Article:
But now there’s a trade-off – although rectangular tractors can fit more chickens, they’re also harder to move.
This sounds obvious, but the size of your chicken tractor will play the biggest role in how many chickens you can put inside of it. On average, chicken tractors are anywhere between 5 to 16 feet long and 3 to 11 feet wide.
The larger the chicken tractor, of course, the more chickens you can put inside – but that doesn’t mean you should just build “bigger and better” in order to fit more chicken inside.
This is going to add a lot of weight, and really, there’s no substitution when it comes to moving your chicken tractors more often.
That’s to say, you can make your chicken tractor bigger, but don’t make it so big that it’s going to be tough to move. You’ll be defeating the purpose of having a chicken tractor in the first place.
If you have a lot of chickens to raise, consider building multiple smaller chicken tractors that are easier to move rather than building one behemoth structure.
Finally, keep the environment and climate in mind when designing your chicken tractor and figuring out how much space your birds need.
If you raise your chickens in the desert or in a place where it takes a long time for the grass to bounce back, you probably shouldn’t stock as many chickens in a chicken tractor.
If you’re lucky enough to live in a place that has more mild weather and adequate rainfall, you can probably stock more heavily since the grass will bounce back faster.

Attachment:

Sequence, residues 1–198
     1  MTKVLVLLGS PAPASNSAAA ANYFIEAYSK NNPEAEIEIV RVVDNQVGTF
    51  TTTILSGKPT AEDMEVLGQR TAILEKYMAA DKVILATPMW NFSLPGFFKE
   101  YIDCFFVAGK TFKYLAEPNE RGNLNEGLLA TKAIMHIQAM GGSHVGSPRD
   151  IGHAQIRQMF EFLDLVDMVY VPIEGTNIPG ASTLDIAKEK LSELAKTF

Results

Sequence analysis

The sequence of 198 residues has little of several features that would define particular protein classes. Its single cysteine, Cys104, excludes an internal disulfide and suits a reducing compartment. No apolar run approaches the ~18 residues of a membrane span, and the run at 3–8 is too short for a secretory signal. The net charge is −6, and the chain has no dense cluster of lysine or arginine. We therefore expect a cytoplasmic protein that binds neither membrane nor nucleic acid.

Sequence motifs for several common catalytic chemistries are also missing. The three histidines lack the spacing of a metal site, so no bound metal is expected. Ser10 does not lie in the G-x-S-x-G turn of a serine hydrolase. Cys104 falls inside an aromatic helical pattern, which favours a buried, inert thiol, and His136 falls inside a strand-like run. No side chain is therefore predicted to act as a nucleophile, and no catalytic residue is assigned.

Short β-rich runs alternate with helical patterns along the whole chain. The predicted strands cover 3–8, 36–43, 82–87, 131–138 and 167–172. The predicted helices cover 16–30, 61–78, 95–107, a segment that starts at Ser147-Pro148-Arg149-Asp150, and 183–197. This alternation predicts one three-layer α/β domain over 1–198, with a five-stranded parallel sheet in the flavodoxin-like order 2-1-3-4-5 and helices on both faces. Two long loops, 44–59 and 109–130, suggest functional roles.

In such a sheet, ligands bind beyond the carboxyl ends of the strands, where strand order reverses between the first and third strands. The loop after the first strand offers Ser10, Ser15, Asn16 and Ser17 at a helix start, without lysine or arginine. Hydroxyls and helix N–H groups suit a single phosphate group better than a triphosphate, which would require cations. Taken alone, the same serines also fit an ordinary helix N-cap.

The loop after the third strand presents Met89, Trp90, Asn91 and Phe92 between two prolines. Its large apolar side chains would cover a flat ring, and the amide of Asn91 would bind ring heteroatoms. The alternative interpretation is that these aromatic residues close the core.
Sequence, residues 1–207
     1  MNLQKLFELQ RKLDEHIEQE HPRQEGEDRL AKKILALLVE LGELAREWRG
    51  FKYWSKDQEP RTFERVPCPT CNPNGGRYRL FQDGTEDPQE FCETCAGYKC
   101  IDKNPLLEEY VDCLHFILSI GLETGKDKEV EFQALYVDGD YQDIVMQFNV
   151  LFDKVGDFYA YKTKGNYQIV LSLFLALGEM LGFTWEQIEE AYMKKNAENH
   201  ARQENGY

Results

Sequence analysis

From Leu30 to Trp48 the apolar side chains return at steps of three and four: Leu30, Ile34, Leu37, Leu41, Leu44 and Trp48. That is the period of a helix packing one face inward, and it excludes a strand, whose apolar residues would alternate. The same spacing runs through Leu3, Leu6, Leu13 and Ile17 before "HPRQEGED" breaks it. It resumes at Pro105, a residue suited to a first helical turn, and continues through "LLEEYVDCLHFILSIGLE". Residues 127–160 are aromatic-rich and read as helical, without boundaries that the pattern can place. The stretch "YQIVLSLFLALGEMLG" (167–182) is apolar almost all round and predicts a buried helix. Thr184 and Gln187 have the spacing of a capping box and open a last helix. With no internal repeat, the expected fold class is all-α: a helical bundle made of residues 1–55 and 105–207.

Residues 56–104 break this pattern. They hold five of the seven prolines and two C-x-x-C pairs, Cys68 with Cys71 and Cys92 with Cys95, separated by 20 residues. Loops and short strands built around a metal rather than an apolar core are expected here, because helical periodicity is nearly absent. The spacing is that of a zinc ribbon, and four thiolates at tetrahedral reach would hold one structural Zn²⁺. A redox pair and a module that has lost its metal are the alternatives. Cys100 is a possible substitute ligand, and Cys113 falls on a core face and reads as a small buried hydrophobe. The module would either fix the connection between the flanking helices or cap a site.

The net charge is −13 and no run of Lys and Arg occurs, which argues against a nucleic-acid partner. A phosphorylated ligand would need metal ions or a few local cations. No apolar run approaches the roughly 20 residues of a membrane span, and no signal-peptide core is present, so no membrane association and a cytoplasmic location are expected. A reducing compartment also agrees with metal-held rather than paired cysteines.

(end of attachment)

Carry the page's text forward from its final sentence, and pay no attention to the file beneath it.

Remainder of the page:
The time of the year plays a role, too. For the most part, people don’t keep their chickens in chicken tractors if they get actual winters. It’s summer weather that you’ll need to think about.
If it’s hot and dry, your chickens are going to be more likely to destroy the grass and to become overcrowded – they might even suffocate each other.
Hot weather makes chickens just as cranky as it makes us. When they feel crowded, they’re going to get agitated and bully each other. It’s not worth overstocking them in warm conditions, to say the least!
When in doubt and concerned about the quality of the pasture, always err on the side of fewer chickens.
You can always add more chickens later on – but if your birds burn the grass and tear things up too much as they scratch and peck, it’s going to be hard to restore the pasture to its former glory later on.
There’s really no quick calculation you can do to determine how much space you need to give your poultry in the chicken tractor. You’ll need to consider all of the variables above (in addition to your budget) when designing the tractor style and size that’s right for you.
Remember, if you have a large flock, it’s better to split them up into multiple chicken tractors than to crowd them into one large, oversized one.
Shoot for four square feet of space per bird at a minimum – and you’ll usually be able to keep yourself right in that sweet spot of space and portability!
Rebekah is a full-time homesteader. On her 22 acres, she raises chickens, sheep, and bees, not to mention she grows a wide variety of veggies. She has a huge greenhouse and does lots of DIY projects with her husband in her ever-growing homesteading endeavor. Learn more about Rebekah here.